michael naimark





Elk Update, Banff

Michael Naimark


We're down to our 19th of 20th pairs of film stock, now filming a 24 hour timelapse of Banff and the Bow Valley at 1 frame per minute, cameras locked in Gilles' van on top of Tunnel Mountain Rd. Full moon.

Just got word from the video transfer lab in Edmunton that our last batch came out fine, which is a relief since we've been saving the last pair of film stock for emergencies - not that it would help much at this point in time. We decided that if the word from Edmunton was good, we would use it to film elk on the golf course again.

Everyone who follows such things here knows that the peak elk action is on the Banff Springs golfcourse, where HUNDREDS of elk appear around late afternoon: elk families lounging on the driving range, little girl elk dancing, little boy elk play-sparring, big girl elk seeming nonchalant and big boy elk howling, bluffing, and sometimes fighting it out. Male elk have as many as 25 females in their harem, and are very very protective. Wednesday we rented a golf cart and mounted the camera on it, and I must say had a most intense non-domestic animal experience. We're talking eye contact, psyching out, and interactive movement since we could move almostas fast as they could. We were generally gentle and cooperative, and so were they. We were bluffed several times by some rather, uh, large and nasty looking males but never charged.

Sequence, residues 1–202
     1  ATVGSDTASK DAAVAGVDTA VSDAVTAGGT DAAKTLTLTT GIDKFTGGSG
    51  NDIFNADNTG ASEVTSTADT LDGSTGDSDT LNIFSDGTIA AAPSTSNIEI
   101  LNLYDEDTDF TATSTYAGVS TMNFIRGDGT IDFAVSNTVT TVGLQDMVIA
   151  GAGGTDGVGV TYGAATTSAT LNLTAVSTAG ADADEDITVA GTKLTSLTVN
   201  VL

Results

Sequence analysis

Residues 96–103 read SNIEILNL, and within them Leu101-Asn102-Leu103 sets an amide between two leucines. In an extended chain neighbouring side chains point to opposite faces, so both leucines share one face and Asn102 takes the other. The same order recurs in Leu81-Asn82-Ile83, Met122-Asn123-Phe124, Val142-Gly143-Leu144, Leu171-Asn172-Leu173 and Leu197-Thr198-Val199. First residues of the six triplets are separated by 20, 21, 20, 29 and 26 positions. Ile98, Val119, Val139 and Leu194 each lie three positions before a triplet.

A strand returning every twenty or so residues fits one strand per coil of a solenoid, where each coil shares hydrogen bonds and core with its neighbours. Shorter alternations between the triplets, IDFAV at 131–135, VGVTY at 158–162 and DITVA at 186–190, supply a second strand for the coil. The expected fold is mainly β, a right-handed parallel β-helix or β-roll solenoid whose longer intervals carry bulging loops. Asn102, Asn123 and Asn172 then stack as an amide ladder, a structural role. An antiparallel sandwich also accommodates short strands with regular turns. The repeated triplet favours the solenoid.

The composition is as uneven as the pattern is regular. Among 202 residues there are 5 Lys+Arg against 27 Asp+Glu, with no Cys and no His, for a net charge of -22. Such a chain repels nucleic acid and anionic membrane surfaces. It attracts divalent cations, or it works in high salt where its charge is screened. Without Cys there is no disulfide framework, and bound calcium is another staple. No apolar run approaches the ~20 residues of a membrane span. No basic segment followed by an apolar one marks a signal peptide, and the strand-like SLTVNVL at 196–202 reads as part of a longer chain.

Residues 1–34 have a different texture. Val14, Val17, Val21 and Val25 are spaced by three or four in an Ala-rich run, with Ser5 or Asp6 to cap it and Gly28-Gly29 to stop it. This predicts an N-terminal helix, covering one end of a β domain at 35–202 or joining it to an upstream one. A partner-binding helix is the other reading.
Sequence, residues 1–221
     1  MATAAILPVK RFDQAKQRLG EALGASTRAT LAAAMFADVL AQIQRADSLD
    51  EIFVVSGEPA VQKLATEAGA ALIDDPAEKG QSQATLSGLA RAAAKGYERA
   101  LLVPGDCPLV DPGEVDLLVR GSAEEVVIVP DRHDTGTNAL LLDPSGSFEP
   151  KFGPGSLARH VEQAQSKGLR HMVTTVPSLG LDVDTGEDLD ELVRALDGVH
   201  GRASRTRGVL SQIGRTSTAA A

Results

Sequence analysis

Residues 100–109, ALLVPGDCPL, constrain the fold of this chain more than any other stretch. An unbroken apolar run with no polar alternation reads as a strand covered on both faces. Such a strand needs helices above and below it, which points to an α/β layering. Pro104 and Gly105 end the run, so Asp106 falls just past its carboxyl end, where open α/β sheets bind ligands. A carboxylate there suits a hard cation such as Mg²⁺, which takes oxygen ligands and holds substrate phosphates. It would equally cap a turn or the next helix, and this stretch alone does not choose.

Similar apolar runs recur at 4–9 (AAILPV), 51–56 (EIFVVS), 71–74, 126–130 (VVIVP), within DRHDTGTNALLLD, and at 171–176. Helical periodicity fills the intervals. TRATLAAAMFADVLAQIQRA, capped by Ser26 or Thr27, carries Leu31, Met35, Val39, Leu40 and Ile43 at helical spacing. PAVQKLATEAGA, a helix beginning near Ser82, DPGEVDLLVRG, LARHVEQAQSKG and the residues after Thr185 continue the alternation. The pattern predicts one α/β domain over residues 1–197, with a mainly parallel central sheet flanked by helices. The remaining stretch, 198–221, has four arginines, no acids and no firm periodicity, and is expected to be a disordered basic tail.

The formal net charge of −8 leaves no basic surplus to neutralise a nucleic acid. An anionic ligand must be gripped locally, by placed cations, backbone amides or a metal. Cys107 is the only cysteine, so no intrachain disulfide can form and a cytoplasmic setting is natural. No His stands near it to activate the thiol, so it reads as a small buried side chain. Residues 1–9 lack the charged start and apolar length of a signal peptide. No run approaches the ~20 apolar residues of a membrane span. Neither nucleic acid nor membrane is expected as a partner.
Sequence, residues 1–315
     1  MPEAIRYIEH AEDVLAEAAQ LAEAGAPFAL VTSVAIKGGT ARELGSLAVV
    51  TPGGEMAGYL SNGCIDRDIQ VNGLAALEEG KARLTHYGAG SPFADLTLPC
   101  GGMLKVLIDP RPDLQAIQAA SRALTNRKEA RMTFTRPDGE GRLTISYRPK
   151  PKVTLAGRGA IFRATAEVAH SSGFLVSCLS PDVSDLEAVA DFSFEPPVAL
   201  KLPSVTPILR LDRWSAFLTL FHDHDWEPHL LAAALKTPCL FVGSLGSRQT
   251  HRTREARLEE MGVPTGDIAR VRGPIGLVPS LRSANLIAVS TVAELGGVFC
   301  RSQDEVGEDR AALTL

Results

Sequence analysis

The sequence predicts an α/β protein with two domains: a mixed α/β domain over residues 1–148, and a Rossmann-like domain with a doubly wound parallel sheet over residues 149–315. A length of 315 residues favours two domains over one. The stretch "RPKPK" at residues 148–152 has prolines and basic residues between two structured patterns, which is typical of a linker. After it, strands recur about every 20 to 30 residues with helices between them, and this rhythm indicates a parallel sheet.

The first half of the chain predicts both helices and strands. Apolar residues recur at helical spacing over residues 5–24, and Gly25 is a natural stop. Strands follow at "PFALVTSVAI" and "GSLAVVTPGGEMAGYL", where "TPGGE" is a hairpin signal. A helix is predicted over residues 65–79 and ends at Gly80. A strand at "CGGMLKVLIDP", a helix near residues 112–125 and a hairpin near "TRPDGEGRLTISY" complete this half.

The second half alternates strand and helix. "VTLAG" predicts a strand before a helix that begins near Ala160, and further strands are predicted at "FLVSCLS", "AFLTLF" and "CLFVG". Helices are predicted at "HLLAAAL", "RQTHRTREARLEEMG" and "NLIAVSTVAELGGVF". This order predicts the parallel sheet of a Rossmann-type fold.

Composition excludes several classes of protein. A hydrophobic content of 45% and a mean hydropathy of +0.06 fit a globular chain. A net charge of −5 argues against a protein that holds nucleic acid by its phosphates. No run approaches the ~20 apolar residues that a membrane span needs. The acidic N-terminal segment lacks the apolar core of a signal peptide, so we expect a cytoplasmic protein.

In line with the art side of this project, we're trying to film the

interactions between natural sites and people, in this case between the elk and the golfers. It's a pretty absurd situation. Tourists have reserved their Big Golf Game months in advance. Many have come from far away, mostly Japan, to play on the famous Banff Springs golfcourse. And there's some high drama out there, I hear. A middle-aged Japanese tourist guide told me he was out playing golf with a honeymoon couple from Tokyo when an elkcharged them. He warded it off with his golf club (he said). Then the young bride started crying. Go figure.

But the fastest we could film was 1 frame per second, and unfortunately I expect little "life" will come through (perhaps some good stillframes,

though). We've also been using our ultra-wide angle (5.5mm) immersion

lenses. Today we'll convert to the longer 10mm lenses and run the cameras at a semi-sycnhronous 8 frames per second.

Back home monday, hopefully.